UK researchers harness solar energy to create clean fuel

UK researchers harness solar energy to create clean fuel Image courtesy of Nanoco Technologies
Scientists from the University of East Anglia are working on harnessing the vast energy of the sun to produce clean fuel.

In collaboration with the universities of Manchester, York and Nottingham, the researchers have already found a way to produce hydrogen from water using nanotechnology, an advance they believe could one day offer an alternative to fossil fuel.

Now the team is aiming to use the same technology to create alternatives for other fuels and feedstock chemicals, including turning methane into liquid methanol and carbon dioxide into carbon monoxide.

"The sun's potential is vast – just one hour of sunlight is equivalent to the amount of energy used over the world in an entire year – yet no one has yet tapped into its immense power to make fuels," said Professor Chris Pickett of UEA's School of Chemistry. "Globally, chemists, physicists and materials scientists are coming together to work on artificial photosynthesis to get to a stage where we can viably make clean, green fuels."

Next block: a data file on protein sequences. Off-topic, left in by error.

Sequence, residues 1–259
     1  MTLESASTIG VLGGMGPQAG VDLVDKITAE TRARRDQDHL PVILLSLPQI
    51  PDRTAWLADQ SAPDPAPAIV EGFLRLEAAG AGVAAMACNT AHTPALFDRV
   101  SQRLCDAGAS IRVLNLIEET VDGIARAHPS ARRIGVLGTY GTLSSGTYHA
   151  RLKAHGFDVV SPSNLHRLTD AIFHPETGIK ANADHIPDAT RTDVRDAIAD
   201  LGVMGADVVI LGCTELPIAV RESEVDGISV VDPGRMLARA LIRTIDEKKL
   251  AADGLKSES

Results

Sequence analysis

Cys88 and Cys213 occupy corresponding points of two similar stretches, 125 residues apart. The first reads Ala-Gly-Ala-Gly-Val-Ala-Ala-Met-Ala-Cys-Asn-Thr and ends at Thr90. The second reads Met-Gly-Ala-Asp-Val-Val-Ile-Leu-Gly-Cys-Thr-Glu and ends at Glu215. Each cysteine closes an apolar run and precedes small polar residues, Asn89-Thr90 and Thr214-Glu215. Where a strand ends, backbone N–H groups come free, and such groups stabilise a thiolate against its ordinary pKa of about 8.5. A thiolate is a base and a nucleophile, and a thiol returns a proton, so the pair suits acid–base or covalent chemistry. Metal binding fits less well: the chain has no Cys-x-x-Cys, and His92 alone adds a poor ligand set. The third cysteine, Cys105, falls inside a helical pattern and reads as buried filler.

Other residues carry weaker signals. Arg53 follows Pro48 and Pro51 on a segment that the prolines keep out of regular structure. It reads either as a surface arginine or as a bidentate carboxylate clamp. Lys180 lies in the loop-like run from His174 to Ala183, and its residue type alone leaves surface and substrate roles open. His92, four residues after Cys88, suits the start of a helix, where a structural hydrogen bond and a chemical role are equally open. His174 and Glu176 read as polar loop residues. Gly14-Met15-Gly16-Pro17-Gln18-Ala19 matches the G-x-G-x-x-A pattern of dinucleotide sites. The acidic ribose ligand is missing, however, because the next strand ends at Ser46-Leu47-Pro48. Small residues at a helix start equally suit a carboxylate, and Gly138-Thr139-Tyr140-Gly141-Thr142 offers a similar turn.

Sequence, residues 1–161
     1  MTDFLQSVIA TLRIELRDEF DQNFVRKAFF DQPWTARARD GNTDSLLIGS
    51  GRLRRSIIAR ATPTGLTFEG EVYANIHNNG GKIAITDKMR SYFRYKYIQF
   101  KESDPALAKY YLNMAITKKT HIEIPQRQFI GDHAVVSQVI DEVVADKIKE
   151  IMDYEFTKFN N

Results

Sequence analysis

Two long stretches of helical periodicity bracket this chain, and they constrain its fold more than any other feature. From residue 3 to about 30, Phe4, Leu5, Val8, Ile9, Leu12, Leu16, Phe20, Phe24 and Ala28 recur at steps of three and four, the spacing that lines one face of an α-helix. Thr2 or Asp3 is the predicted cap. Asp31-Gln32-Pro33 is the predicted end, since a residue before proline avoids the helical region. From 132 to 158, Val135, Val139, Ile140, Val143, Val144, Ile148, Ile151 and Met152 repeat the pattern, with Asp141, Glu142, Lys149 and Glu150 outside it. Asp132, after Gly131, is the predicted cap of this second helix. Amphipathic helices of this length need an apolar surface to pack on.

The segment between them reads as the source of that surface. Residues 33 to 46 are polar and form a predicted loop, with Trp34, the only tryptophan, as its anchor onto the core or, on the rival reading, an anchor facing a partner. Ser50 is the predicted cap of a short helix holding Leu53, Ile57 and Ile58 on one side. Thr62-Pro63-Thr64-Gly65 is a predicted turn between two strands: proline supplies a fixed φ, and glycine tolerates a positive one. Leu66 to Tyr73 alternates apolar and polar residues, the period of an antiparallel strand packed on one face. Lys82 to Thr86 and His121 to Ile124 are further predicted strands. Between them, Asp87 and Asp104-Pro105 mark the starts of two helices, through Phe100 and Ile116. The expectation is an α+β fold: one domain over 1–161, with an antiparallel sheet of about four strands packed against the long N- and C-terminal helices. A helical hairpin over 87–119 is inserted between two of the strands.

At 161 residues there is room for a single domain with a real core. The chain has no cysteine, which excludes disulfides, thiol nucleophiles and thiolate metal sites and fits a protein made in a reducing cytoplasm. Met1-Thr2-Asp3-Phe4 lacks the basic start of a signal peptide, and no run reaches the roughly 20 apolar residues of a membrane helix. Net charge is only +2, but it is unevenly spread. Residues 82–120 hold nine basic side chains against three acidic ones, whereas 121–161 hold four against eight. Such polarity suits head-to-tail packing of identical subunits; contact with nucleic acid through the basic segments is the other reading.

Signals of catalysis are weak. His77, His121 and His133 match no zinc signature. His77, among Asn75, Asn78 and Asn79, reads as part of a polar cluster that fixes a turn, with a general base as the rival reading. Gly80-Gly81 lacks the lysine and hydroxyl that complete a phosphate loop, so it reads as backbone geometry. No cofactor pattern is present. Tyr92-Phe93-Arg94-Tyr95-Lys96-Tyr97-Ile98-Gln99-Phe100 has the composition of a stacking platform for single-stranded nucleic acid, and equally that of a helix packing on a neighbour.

Professor Wendy Flavell, from the University of Manchester's Photon Science Institute, is currently working to create a solar-nano device using quantum dots – tiny clusters of semiconducting material which absorb sunlight.

"When sunlight is absorbed, carriers of electric current are created," she explained. "Together with catalyst molecules grafted to the surfaces of the dots, these create the new fuel, For example, hydrogen can be produced from water. Our sun provides far more energy than we will ever need, but we use it really inefficiently."

To make better use of the Sun's resource, Prof Flavell believes more needs to be done to create solar fuel that can be stored and shipped to where it is needed and used on demand. As most hydrogen is obtained from fossil fuels, which are not going to last forever, she maintains the importance of getting energy from renewable sources.

"One of the key questions is 'what do we do when the sun goes down, what happens at night?'" she said. "If we can store the energy harnessed from the sun during the day then we will have supplies ready to use when the sun is not shining. This is a first step in taking the vast power of the sun and using it to provide the world's fuel needs."

Laura Hopperton

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